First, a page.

We plan to establish a core network of 6 neonatal units (NNUs; 4 Nigeria/2 Kenya) to improve gut health and early nutrition in low birthweight (LBW) infants. LBW results from premature birth, intra-uterine growth retardation or both. Immature gut structure and function in preterm infants compromises nutrition, facilitates sepsis through bacterial translocation and risks necrotising enterocolitis (NEC). Abnormal microbial colonization of the gut occurs during prolonged NNU admission including with anti-microbial resistant bacteria. Improved gut health and early nutrition would likely prevent sepsis and improve brain and other organ development.
A weak evidence base contributes to the variation in practice regarding establishing feeds especially in vLBW infants (<1500g). Nutritional interventions to improve gut health and reduce mortality that have become routine practice in many NNUs in richer countries may be practical, safe and affordable in low-resource settings. An example is probiotics that reduce all-cause mortality in vLBW infants (RR 0.72; 95% CI 0.57-0.92) and prevent NEC stage 2 or greater (0.57; 0.43-0.74).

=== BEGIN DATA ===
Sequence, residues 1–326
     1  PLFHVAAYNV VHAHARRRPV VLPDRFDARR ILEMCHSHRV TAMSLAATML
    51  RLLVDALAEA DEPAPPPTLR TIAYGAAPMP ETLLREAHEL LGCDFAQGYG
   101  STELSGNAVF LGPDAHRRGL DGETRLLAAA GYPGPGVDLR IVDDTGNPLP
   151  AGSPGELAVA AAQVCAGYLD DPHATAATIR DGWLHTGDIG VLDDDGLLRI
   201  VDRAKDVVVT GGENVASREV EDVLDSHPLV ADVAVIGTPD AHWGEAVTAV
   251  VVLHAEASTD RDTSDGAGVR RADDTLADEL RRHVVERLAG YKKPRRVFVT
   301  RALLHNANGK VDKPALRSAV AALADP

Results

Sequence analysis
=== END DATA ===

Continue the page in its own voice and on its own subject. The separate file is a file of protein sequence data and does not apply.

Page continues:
Our network will evaluate current evidence and document variation in feeding practices, adapt core outcome sets for common diseases, share anonymised clinical data and identify priorities for research. The dataset will collect information about maternal and early life variables as a basis for the assessment of long-term growth, respiratory and neurodevelopmental outcomes. We will pilot test volumetric absorptive microsampling technology combined with QPlex Array for measuring inflammatory markers and micronutrients in small blood samples and high resolution melt based qPCR to describe acquisition of anti-microbial resistance genes in faecal flora. We will also bank samples for future analysis. We will engage other low-resource NNUs and develop processes that can be rolled-out to expand the network as a resource for multicentre clinical trials.